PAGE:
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MEDIA RELEASE -  UNIVERSITY OF LIVERPOOL – Jan 31 2014

 

REVIEW FINDS THAT CHILDHOOD TRAUMA CAN LEAD TO PSYCHOSIS

 

An international team of researchers, led by a University of Liverpool psychologist, has published a review of recent research and concluded that there is strong support for the hypothesis that early trauma in childhood (including abuse and neglect) can effect brain development in ways that increase the probability of developing psychosis later in life.

 

Anomalies in the brains of people diagnosed with mental health problems such as ‘schizophrenia’ have traditionally been used to support the notion that such problems are biologically based brain disorders that have little to do with life events.

 

However, the review of 125 research studies, supports the ‘traumagenic neurodevelopmental’ model of psychosis, which suggests that those differences can be caused by adverse life events, especially those occurring in early childhood. 

 

The review recommends that people experiencing psychosis should be offered evidence-based psychological therapies that address the social causes of their difficulties

 

Professor John Read, from the University of Liverpool’s Institute of Psychology, Health and Society, said:

“Our review concludes that the abnormalities in the brain that have been identified in people diagnosed with ‘schizophrenia’ are not necessarily inherited but can be caused by adverse life events.

 

These trauma based brain changes should not be thought of as being indicative of having a brain disorder or disease. The changes are reversible. Recent studies have found, for example, that the brain’s oversensitivity to stressors can be reduced by properly designed psychotherapy.”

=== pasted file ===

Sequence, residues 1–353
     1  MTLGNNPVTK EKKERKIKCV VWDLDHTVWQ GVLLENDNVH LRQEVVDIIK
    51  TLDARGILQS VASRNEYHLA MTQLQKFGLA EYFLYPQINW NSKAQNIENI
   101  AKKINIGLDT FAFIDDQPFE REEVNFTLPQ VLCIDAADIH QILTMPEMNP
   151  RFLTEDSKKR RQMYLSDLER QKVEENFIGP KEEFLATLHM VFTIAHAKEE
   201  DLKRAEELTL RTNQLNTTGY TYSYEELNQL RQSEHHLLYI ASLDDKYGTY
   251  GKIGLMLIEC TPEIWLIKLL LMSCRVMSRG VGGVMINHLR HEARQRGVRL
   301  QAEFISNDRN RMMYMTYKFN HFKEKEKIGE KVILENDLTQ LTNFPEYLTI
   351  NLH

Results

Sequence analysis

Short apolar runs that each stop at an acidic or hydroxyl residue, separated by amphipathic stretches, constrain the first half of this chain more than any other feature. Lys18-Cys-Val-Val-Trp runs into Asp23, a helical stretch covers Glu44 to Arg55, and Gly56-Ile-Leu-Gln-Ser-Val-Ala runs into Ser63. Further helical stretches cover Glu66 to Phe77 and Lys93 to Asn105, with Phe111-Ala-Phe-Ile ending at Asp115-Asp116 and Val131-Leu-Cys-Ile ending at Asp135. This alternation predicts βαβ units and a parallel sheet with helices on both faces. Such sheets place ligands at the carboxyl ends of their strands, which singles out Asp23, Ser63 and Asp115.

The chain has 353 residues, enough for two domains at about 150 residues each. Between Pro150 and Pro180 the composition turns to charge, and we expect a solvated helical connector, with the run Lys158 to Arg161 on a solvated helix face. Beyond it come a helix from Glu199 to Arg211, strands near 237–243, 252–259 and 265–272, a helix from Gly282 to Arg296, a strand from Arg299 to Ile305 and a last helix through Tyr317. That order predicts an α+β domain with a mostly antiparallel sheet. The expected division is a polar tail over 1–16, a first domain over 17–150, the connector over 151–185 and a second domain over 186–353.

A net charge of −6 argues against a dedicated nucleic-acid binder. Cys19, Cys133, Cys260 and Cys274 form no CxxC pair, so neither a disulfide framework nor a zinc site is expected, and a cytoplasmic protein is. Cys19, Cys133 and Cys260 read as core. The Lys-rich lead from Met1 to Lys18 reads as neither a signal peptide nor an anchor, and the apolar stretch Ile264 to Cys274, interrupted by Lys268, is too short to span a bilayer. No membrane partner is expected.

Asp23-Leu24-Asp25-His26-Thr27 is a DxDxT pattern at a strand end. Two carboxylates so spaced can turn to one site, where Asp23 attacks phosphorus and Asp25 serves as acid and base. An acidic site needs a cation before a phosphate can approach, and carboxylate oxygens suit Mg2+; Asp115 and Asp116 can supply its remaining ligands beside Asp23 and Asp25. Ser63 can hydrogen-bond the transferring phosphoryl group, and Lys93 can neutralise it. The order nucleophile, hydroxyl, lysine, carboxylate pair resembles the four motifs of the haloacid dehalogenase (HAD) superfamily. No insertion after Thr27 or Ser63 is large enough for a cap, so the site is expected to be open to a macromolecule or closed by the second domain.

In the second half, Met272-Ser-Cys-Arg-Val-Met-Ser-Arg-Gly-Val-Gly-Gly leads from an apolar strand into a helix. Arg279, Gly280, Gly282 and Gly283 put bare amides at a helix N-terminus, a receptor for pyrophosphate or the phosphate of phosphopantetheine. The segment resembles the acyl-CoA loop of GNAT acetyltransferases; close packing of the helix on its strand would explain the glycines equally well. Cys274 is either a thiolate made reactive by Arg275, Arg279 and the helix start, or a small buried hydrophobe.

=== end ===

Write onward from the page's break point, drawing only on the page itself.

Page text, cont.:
“The primary prevention implications are profound. Protection and nurturance of the developing brain in young children would seem to be of paramount importance.”

 

“We hope that this vast body of literature will encourage more mental health staff to take more of an interest in the lives of the people they are trying to help, rather than viewing hearing voices and having unusual beliefs as mere symptoms of an ‘illness’ that need to be suppressed with medication.”

 

The review was conducted by researchers from the UK, Denmark, Norway and the USA.

 

To download the article, published in the scientific journal Neuropsychiatry, click on: www.futuremedicine.com/toc/npy/4/1

 

Read J, Fosse R, Moskowitz A, Perry B. The traumagenic neurodevelopmental model of psychosis revisited. Neuropsychiatry, 4(1), 65-79 (2014).

 

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Sarah Stamper

Press Officer, University of Liverpool

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